This image does not show any stars because the Herschel Space Observatory’s cameras record far-infrared light instead of visible light. Gas is not visible either, even though it makes up most of the 400,000 solar masses of matter in this cloud: dust amounts to only about one per cent of the mass.

The side of this image spans about two degrees, or four times the diameter of the moon. At the cloud’s distance of 6,500 light years, this corresponds to about 230 light years. North is up and East is to the left.

This three-colour image of W3 uses visible colours to depict far-infrared radiation of different wavelengths, combining the Herschel bands at 70 μm (depicted in blue), 160 μm (depicted in green) and 250 μm (depicted in red). Hotter structures emit more strongly at shorter wavelengths. Red represents very cold shielded dust structures with equilibrium temperature about 10 degrees Kelvin (10 degrees above absolute zero, or -263 degrees Celsius), while blue is somewhat warmer at around 30 degrees Kelvin, with yellow in between.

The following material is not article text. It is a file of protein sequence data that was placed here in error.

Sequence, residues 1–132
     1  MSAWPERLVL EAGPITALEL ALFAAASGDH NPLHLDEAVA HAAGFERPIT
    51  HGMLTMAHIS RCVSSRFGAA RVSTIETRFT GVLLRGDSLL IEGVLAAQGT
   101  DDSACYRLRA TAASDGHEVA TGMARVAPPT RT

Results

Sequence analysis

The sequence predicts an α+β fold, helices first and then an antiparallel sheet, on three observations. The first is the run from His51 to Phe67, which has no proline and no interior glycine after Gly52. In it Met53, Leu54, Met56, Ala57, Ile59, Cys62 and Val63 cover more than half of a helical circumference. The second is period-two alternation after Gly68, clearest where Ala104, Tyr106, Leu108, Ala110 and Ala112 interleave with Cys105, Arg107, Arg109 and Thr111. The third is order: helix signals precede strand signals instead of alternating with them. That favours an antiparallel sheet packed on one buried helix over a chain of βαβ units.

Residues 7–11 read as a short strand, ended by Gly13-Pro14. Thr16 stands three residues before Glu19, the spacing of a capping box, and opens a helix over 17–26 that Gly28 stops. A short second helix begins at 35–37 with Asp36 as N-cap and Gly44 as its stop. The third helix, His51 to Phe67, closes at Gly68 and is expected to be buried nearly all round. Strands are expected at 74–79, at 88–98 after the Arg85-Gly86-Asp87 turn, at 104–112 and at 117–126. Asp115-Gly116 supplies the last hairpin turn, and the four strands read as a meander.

Compared to the right side of the cloud which is cold and red, the left side glows yellow, because it is heated by the radiation coming from high-mass hot stars off to the left, just outside the field of view of the image.

While different colours correspond to different temperatures, brightness records the quantity of dust. Before Herschel’s two cutting-edge cameras, such a precise determination of the temperature and quantity of dust has been impossible. This capability, combined with the high resolution of Herschel, is exploited by the HOBYS Key Programme to study the early stages of formation of stars more than ten times as massive as the Sun.

Contacts and sources:
Johannes Hirn
University of Chicago